Some residents in Hong Kong are expressing frustration at the pressure put on its public services by thousands of pregnant women from mainland China. Some people believe these expectant mothers are secretly entering the territory to give birth and secure for their child the so-called "right of abode" in Hong Kong and lifelong access to a standard of public education and health care unavailable in China.
Hong Kong has proudly preserved a unique social and cultural identity, both under British colonial rule and since the return to Chinese sovereignty in 1997.
That identity continues to flourish, in part because Beijing has tolerated Hong Kong’s relative autonomy since the hand over under the principle of “One Country, Two Systems.”
But legislator Leung Yiu-chung does not believe that Hong Kong residents identify readily with the notion of one nation.
“When you are talking about identity, I think people in Hong Kong seldom recognize themselves as Chinese; from China. We don’t want the Chinese government, or Chinese people who come from China, to rule Hong Kong,” Leung said.
Direct political influence aside, there is increasing concern that Hong Kong’s identity risks being diluted by an ever-growing number of pregnant mainland Chinese women entering the territory to give birth.
According to Health Secretary York Chow, in 2005 such child births numbered “in the hundreds.” By last year, more than 40,000 children, or about one-half the total number of babies born in Hong Kong, were born to mothers from across the border.
Hong Kong University constitutional law analyst Benny Tai says that, if that rate continues, in 10 to 15 years mainland Chinese will form a substantial part of the Hong Kong population.
“So people will worry that this will change the culture of Hong Kong society; our core values will be “polluted.” That is why it is contentious,” Tai stated.
Hong Kong immigration officials refused entry to 3,560 pregnant mainland women last year. But more are arriving in Hong Kong every day; some opportunistically walking through border controls, others smuggled across by organized crime syndicates in trucks and even speedboats.
The health service says it cannot cope. Emergency room staff are overwhelmed by the number of mainland women in labor - around 1,650 in 2011 compared to just 500 in 2010.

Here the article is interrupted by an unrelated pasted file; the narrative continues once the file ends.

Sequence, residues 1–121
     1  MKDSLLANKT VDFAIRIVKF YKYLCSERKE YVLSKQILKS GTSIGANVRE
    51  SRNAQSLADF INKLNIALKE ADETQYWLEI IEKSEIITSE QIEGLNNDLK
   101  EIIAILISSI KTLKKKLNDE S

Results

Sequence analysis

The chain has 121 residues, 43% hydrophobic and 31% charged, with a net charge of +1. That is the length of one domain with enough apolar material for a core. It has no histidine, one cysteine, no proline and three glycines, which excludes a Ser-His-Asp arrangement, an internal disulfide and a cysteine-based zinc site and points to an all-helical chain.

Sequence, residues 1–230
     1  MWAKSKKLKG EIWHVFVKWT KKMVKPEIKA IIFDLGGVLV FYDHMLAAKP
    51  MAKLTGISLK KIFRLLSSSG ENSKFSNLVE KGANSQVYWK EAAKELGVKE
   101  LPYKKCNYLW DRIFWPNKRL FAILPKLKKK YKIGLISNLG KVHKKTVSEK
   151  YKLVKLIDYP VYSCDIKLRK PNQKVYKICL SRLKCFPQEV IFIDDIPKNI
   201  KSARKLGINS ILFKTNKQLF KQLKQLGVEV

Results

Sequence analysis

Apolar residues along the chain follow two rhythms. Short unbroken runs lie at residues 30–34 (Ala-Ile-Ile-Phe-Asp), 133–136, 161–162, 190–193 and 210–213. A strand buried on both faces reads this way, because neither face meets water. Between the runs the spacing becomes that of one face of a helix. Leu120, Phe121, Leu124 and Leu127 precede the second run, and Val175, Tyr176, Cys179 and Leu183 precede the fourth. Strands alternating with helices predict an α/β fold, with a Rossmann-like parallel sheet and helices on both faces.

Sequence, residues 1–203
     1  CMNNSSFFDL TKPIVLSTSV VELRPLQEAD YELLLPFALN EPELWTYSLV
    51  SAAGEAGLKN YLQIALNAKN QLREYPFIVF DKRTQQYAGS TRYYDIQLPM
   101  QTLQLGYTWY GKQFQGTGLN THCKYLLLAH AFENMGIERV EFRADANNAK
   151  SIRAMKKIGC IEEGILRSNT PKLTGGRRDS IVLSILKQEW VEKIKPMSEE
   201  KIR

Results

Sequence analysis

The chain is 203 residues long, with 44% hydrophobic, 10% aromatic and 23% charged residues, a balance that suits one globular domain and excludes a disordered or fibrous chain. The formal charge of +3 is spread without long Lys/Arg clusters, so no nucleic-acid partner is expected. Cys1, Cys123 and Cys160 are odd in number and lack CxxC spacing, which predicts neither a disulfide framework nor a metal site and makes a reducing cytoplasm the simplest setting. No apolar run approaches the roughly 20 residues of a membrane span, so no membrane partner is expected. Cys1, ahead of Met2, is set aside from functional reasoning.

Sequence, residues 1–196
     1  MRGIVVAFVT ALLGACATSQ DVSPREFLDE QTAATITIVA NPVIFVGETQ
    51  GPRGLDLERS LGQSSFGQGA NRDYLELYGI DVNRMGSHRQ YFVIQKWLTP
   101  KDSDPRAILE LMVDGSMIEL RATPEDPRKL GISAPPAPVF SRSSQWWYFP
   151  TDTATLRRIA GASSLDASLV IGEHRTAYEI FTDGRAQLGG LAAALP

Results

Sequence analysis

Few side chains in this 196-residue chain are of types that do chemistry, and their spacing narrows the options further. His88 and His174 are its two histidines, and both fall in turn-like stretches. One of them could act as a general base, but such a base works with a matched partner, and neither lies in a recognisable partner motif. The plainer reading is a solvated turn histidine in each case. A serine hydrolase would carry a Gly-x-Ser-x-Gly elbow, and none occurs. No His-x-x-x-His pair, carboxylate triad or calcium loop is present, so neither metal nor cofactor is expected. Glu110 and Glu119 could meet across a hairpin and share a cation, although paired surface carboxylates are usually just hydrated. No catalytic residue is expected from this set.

As a deterrent, Mainlanders are now charged around $6,000 to give birth in the territory. However, a 2001 judgment by the Court of Final Appeal found that Hong Kong’s mini-constitution, the Basic Law, confers the right of abode on any child of Mainland parents born in the territory.
The right of abode confers eligibility to access Hong Kong’s public services, including health, education and housing. Critics say $6,000 is money well spent to pay for services that are unavailable in China.
Public protests are increasing. They include pregnant Hong Kong women who say their own deliveries are threatened by the strains put on medical resources.
The identity debate intensified in late December, when Hong Kong University’s annual public opinion poll on perceptions of ethnicity indicated that over 70 percent of respondents considered themselves to be “Hongkongers” before being “Chinese.” The figure represented a 10-year high.
Within days, the polling unit’s director, Robert Chung, was publicly rebuked by Hao Tiechuan, a senior Beijing envoy.
Hao was quoted in local media, saying that Hong Kong is not an independent political entity.
With the Chinese year of the Dragon approaching -- a popular and auspicious year to give birth -- the debate about mainland babies has been picked up by candidates in Hong Kong’s forthcoming leadership election.
On Sunday, Albert Ho was chosen by the city’s pan-democratic coalition to compete against two pro-Beijing candidates for the office of chief executive. In a radio broadcast Monday, he called for the Basic Law to be amended to, in his words, “plug the floodgates”.
Benny Tai agrees that such an outcome could occur, but says he has reservations. “To amend the Basic Law … or to have a reinterpretation of the Basic Law … creates more problems," he said. "That will require the assistance of the central government.”
Any intervention by Beijing would inevitably cause concern in a city used to solving its own problems, without Mainland interference.